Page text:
For some, proximity to death gave life a new meaning.
“I’m grateful when I cover these events I come back to a house and family that is fine,” said Asya, a journalist who has reported extensively from the Middle East. “I did not suffer those violent events, so I’m grateful. You put things in perspective. You see death so many times, you don’t sweat the small stuff.”
Making peace with risks
Some journalists said they worked hard to stay safe, but they also knew that their work carried risks. And they made a conscious decision to accept those risks.
Claire, a South African journalist who covered U.S. wars in Iraq and Afghanistan, said she realized her safety was in jeopardy when she covered violent events, but she accepted it as part of a job she saw as her life’s calling.
“If I died there, I died doing what I believe in,” Claire said. “I fulfilled my purpose. I wasn’t trying to die . . . that was how I approached everything.”
One journalist said a conversation with her husband helped her realize that risk was inherent in some jobs.
“Something my husband told me early on when we first met that really transformed my reporting,” said Anna, who married veteran. “He told me, ‘Soldiers die. It’s your job . . . but boo-fucking-hoo. What do you think when you go to war?’”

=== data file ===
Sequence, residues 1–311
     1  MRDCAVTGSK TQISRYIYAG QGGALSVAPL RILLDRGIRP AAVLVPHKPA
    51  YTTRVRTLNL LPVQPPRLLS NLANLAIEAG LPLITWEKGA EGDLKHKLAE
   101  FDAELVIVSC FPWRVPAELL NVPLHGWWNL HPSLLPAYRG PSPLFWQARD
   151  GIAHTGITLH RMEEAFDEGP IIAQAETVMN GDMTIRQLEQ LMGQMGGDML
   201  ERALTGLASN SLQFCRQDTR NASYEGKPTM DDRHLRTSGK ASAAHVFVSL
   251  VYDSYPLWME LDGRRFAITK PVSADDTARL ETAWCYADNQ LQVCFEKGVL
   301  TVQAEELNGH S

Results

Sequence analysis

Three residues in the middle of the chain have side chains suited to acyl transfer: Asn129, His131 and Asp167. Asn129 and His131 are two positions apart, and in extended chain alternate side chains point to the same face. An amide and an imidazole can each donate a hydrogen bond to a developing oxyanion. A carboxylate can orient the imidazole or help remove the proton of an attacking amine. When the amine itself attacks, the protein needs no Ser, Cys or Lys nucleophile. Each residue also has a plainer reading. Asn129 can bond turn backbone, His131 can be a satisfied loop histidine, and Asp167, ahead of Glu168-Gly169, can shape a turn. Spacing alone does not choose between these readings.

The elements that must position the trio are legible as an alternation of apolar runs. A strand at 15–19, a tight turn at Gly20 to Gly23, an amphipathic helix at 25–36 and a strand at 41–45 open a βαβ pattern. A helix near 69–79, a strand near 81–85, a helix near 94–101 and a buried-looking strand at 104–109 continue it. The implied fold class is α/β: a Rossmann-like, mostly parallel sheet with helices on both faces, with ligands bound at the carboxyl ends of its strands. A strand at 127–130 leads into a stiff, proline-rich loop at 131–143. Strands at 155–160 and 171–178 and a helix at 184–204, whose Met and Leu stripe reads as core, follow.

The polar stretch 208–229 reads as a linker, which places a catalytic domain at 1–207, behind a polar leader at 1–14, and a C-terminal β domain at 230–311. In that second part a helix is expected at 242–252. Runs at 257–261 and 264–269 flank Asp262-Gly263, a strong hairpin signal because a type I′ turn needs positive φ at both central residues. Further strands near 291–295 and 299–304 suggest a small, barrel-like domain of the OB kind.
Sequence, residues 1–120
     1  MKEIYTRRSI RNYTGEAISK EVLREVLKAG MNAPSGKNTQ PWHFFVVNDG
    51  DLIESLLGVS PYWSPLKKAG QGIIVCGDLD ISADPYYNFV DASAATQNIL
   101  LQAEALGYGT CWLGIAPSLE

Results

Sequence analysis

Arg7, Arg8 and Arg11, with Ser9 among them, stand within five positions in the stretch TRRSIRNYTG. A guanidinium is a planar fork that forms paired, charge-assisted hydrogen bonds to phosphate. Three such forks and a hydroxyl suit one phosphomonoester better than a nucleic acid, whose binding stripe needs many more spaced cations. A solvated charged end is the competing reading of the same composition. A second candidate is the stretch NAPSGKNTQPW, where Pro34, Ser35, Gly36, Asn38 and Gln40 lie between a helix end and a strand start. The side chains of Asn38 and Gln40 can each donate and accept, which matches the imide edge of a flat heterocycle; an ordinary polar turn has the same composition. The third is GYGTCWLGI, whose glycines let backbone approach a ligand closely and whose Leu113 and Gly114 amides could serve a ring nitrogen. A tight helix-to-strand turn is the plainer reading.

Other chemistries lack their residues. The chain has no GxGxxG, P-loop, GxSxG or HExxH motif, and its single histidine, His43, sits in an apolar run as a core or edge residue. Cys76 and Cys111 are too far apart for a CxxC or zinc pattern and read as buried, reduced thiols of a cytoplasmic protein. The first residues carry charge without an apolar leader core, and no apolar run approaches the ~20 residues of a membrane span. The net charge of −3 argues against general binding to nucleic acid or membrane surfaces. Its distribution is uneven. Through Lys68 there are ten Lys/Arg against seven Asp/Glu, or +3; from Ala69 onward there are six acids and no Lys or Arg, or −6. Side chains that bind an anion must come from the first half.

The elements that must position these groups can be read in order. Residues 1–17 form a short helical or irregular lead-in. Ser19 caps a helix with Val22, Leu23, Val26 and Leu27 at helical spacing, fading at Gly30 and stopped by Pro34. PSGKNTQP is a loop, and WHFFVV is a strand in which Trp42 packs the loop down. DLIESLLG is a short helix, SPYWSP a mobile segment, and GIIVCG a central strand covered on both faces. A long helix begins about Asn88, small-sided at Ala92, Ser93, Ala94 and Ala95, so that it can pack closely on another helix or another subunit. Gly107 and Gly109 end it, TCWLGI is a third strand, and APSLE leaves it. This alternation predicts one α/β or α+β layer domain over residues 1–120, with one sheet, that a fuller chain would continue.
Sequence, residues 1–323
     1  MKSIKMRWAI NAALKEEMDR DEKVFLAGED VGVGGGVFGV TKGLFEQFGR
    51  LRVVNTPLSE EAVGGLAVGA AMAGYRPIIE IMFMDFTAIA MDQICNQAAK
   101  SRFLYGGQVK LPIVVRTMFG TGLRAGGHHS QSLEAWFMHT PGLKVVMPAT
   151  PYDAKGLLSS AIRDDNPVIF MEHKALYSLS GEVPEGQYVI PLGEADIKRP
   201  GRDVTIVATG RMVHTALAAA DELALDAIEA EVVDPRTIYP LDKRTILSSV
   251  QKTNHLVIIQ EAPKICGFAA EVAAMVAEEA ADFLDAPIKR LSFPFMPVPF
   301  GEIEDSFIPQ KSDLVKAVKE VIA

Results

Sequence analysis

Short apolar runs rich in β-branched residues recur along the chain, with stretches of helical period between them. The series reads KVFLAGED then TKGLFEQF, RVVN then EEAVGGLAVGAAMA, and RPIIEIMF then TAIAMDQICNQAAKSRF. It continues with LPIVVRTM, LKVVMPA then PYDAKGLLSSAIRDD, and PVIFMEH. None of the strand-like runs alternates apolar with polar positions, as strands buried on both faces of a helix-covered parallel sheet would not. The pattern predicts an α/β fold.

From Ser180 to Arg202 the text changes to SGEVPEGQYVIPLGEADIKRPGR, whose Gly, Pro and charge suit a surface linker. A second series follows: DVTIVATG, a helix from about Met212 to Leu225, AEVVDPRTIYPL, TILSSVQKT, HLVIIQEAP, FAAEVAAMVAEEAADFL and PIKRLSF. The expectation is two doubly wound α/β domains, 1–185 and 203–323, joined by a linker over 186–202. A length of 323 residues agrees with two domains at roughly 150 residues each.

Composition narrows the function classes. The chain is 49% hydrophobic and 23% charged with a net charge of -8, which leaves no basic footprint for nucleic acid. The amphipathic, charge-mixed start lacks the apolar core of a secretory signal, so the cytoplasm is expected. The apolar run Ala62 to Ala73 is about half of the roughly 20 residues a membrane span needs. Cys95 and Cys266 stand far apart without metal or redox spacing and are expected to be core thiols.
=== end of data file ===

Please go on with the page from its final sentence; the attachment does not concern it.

“There was something that flipped in me. . . . The cop on the street, the firefighter knows he could die. . . . And that helped me. . . . They didn’t sign up to die, but they signed up to do a very dangerous job that requires a lot of skill. It brought me a lot of comfort in a weird way. No one wants to die, but this is war,” Anna said.
Hope and resilience
For some, exposure to violence had made them see a grim side of humanity. Others were encouraged by the resilience they saw among victims and survivors of violence. The marveled that people not only survived but thrived.
“What happened to me seeing all kinds of death and being very close to it, and the worst kind of death, has made me hate violence,” said Esin, a journalist who covers violence in her home country of Pakistan. “I live in a part of the world where we like glorifying death. . . . I never call anyone a martyr. Every person who gets killed . . . there is not glory in it. Death is only stark and ugly for me now.”
For some, there was hope after violence.
“How do you go on after something like this happens to you?” asked Stella, a U.S. journalist who has covered crime and sexual violence. “On a human level, I found it fascinating. . . . The fact they could turn their pain into something positive, I found very inspiring. . . . I just think there’s a resilience in people.”
One story of resilience came from Denisa, a journalist in the Democratic Republic of the Congo, who reported on the life of a child soldier.
“He talked about how he killed people. He didn’t know it was bad to do that. He thought it was normal,” she said.
The story has a happy ending; eventually, the boy went to school, to university, and became a professor.
Natalie, a U.S. journalist who covered combat in Iraq and Afghanistan, said: “That’s what gets me, these stories of resilience.”
Next: Journalists talk about what they have learned from their experiences about how to stay safe and how to cope afterward.